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Genesis - "A Trick Of The Tail" (1976)


After five fantastic albums that opened a whole new chapter in the history of progressive rock music and hundreds of successful live performances the inevitable happened: Peter Gabriel played his last gig with Genesis in Besancon, France, on May 22, 1975. When Melody Maker put the question “Gabriel out of Genesis?” on its title page the cat was out of the bag for at least the British public, and the experts began to wonder: Genesis without Peter Gabriel – (how) will that work?

Peter Gabriel had determined the public perception of the group for years through his characteristic vocals and eccentric stage performances. Though he kept protesting that Genesis had always been a songwriter’s collective, the media felt certain that Peter Gabriel was Genesis. This misunderstanding and the resulting division (by the public) into “the star” and “his backing band” were certainly an important factor that led to the eventual split.

The remaining band members Tony Banks, Phil Collins, Steve Hackett and Mike Rutherford never had a doubt that they would continue. Genesis would cope well with the second major loss after Anthony Phillips’ decision to leave in 1970; in fact, they would only grow stronger. What direction they would go in was not so clear to the band, though. Initial ideas to work as a purely instrumental four-piece without any vocals were soon dropped.

Soon after Genesis had finished the Lamb Lies Down On Broadway tour they began to work on their new album A Trick Of The Tail. Soon they realized that they needed a singer, so they began to look for one and invited dozens of candidates for a try-out but were happy with none of them. This process must have been very frustrating for the band. Phil Collins was tasked with teaching the candidates the melody of the songs. Singing was nothing new for Collins. He had sung lead vocals on For Absent Friends and More Fool Me, after all, and his voice doubling Peter Gabriel’s had always been an important element on stage, proving essential for the Lamb Lies Down On Broadway tour.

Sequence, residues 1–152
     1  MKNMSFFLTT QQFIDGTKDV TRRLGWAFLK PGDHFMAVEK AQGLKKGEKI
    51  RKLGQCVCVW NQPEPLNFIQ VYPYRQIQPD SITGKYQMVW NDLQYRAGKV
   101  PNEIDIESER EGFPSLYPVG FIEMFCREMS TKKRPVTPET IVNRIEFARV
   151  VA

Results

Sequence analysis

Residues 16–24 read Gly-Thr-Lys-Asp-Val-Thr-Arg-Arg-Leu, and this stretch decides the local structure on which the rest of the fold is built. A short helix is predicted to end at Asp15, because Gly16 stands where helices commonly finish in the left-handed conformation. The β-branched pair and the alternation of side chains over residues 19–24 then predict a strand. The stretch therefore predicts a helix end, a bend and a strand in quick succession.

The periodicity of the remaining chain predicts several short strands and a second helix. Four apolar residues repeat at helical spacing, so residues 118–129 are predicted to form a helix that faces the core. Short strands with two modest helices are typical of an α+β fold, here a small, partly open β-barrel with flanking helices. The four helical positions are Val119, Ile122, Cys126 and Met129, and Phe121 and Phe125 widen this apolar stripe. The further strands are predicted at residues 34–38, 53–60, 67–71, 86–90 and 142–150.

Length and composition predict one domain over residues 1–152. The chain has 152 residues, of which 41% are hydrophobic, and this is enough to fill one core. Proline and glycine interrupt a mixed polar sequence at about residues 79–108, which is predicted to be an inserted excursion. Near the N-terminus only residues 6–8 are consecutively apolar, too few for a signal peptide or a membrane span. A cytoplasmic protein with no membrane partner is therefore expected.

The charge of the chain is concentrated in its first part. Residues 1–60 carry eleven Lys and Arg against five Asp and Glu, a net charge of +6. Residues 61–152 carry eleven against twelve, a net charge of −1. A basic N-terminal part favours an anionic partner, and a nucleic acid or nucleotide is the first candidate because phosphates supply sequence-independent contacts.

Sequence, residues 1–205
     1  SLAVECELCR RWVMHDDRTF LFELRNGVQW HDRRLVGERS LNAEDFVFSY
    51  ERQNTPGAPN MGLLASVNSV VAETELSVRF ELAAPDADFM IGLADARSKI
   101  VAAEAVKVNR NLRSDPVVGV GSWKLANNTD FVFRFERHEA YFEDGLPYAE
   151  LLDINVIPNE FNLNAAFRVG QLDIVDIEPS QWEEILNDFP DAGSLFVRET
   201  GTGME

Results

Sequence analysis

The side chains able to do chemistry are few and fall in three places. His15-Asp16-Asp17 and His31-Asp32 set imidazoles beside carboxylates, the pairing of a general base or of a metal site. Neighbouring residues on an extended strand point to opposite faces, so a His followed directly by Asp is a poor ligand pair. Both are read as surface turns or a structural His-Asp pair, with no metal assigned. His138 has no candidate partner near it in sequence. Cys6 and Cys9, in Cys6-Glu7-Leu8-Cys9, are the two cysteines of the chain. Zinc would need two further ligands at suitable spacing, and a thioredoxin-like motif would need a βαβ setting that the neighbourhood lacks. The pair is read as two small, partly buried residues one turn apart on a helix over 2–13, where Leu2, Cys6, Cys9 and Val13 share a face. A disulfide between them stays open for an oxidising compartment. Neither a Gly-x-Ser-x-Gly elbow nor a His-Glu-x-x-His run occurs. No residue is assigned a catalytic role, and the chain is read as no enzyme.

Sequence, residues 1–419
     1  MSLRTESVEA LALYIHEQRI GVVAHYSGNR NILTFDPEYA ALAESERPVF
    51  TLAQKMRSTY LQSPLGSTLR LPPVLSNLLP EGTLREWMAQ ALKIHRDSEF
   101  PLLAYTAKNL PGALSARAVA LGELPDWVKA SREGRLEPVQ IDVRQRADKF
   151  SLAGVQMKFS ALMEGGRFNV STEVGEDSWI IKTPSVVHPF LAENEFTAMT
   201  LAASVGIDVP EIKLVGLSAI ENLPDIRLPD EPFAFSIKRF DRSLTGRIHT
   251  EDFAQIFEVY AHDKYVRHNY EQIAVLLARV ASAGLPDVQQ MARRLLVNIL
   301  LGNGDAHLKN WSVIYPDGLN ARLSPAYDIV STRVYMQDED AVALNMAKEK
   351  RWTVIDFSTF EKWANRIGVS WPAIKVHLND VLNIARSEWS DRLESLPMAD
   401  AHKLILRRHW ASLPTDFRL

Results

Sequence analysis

coverTony Banks and the other felt certain that Collins could sing some of the quieter songs on the new album without any problems, but they did not believe his choirboy voice could deliver the harder songs. Besides, he was the drummer and they did not want to change that. As time went by and as the new album took shape and as the last candidate had been rejected Collins took the microphone and had a go at Squonk. Lo and behold, it sounded better than what they had heard before! The rest is history: Phil Collins became the singer in Genesis and laid the foundation for his later superstardom.

Back to A Trick Of The Tail. When they had finally found a singer the band went into Trident studios, London, to record their seventh studio album with producer David Hentschel. Tony Banks described working on the new album as “very refreshing”. With the eccentric Gabriel gone the music came to the fore again and the band were absolutely bursting with ideas. The fact that there were only four writers left meant that there was less friction in their democratic process of song-writing.


Dance On A Volcano

The record begins with the famous intro written by Hackett and Rutherford. Clean guitars, powerful bass and Collins’ breezy drumming point out the musical direction. The verses are full of odd time signatures, and the songs ends with a furious, quirky and complex bit that belongs to the most fiddly Genesis have ever produced. Dance On A Volcano is a song with lots of variety, a real hammer, and you can feel the band’s new self-confidence in every note. Collins’ vocals fit the song very well – after this one song one has almost forgotten that Genesis ever had had another singer. 


Entangled

Things calm down after this tour de force. Entangled weaves a delicate net in 6/8 with 12-string guitars and vocals with lots of echo. This pastoral mood is underlined by a couple of notes from Banks’ new Arp Pro Solo synthesizer. This instrument takes the lead towards the end, and Banks plays a solo that slowly grows. The full mellotron choirs in the background make you feel as if you were in a cathedral, and everything is developing towards a culmination where…. 


squonkSquonk

... suddenly the first notes of Squonk slam violently out of the speakers. Banks and Rutherford were inspired to write Squonk by the Led Zeppelin song Kashmir. They wanted to reproduce its towering drums and shuffling beat on the album, and Collins has done a good job. The drums join forces with Rutherford’s strong bass pedal to concoct a sound that thunders through your living room and frees your ears for new sounds in the Genesis cosmos. Squonk can be seen as Genesis’ first flirt with the bombast or stadium rock they have always been accused of making. Phil Collins would redefine rock and pop drumming with this kind of playing.

The story of Squonk links back to the legends and fairy tales from Genesis' older songs. The squonk is an American mythical creature that lives in the forests of northern Pennsylvania. It is said to be so ugly that it dissolves, when caught, into a “pool of bubbles and tears”.



Mad Man Moon